Review: Star Trek: Elite Force II
If you somehow made one good Star Trek FPS, you’d have to make another one, right? Elite Force’s publisher Activision clearly agreed, but perhaps due in part to poor sales of the first, they decided to hand the job of a sequel off to Ritual Entertainment instead of going back to Raven. The folks behind SiN and Heavy Metal F.A.K.K. 2 certainly had an uphill battle, between the challenge of marrying Star Trek and first-person action and also outperforming the first. To their credit, they crafted a game that’s just as satisfying a Trek experience as the first, and even improves on the formula in some ways. Sadly, this one fared even worse in sales than its predecessor, again likely due to circumstance rather than quality. And fortunately, you have the chance to experience that quality in the here and now.
Elite Force II picks up in the middle of the two-part series finale of Voyager, and while I’m not going to spoil the mission itself, I am going to spoil the end of a 20-year-old TV series. Voyager returns to Earth, and the Hazard Team is disbanded, as there is clearly no threat to Starfleet in a post-Voyager world. Fortunately, our old friend Jean-Luc Picard disagrees and brings Alex Munro (no option for lady Munro, more on this later) aboard the Enterprise-E to reassemble the Hazard Team for hazards that are sure to emerge. And emerge they do, as the Enterprise immediately happens upon a Federation vessel mysteriously depleted of its crew. What follows is a clash of cultures, a nefarious plot, double-crosses, ancient tech, and a vicious struggle that could determine the fate of the Federation.
The first question here is obviously going to be, does the writing hold up as well as it did in the first Elite Force? And the answer is yes, surprisingly, and in some cases even better than in the original. The plot of Elite Force II is more complex than the first, bringing several alien races into the mix for some genuinely interesting politicking and cultural commentary. There’s a lot going on in the plot but never so much that you can’t keep track, and the twists are pretty entertaining even if some of them are a bit obvious. Part of this might be because there’s not as much legacy Trek star power at work here; besides Patrick Stewart and Tim Russ as Picard and Tuvok, none of the Next Generation or Voyager regulars make a single appearance. There are some real good deep cuts with characters and voice actors, though, which should make serious Trek fans very happy.
In lieu of palling around with Riker or Data, the returned Hazard Team is given some new members and fleshed out with a bit more characterization. The key players in the plot also get a lot of face time, and there’s even a little love triangle subplot between Munro, one of the Hazard Team, and an alien lady who is costumed about as embarrassingly as first-season Next Generation extras. This is a notable aspect that really impressed me, certainly not because lady Munro was clearly cut so that this love plot could be as hetero as possible, but because sexy alien lady is set up for some incredibly awkward scenes, and instead gets a healthy mix of clever and genuinely heartwarming lines. The writing is sharp and entertaining the whole way through, and ultimately turns this into a better episode of Trek than even the first Elite Force managed.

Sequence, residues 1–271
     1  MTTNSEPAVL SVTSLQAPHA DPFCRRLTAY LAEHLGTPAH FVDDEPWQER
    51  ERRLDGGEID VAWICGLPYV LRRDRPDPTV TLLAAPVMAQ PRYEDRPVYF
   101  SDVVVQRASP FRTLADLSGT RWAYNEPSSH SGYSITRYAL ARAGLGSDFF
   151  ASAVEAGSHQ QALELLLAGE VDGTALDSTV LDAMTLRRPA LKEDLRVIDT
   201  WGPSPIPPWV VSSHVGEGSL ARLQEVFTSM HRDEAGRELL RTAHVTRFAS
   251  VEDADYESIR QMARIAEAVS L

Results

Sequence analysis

As far as the gameplay goes, I feel confident calling Elite Force II as good as the original, but in different ways. The previous Elite Force had creative, if straight-forward levels, mostly wave-based encounters, and incredibly fun weapons for those repetitive fights. Battles in Elite Force II are far more varied, with plenty of different aliens to face off with and some rather fun bosses to overcome as well. The weapons aren’t quite as impactful as those that came before but they definitely get the job done. Levels have a ton of variety as well, and some do an incredible job of creating ominous or panicked atmospheres. There’s also a ton of secrets to find this time, primarily in the form of golden ships that unlock bonus levels. However, the main path through the levels, as creative as it may be, is often confusing and poorly-telegraphed. Ritual clearly had some talented designers in their ranks, but weren’t the best at communicating what the player needed to do in a lot of places.
Don’t let any of these gripes turn you away from this one, though. As much fun as I had with the first Elite Force, I definitely had more fun playing through Elite Force II. The variety and creativity here puts it ahead, and the sharp writing and entertaining characters are just more icing on the cake. I may have felt lost more often here, but as soon as I got back on track, it was a party again. I’m so glad these two games are back on sale so a new generation of Trekkies and FPS fans can experience them, because they were so clearly overlooked in their time. Don’t miss out on either Elite Force, but definitely not this one, if you want to enjoy one of the premier Trek game experiences.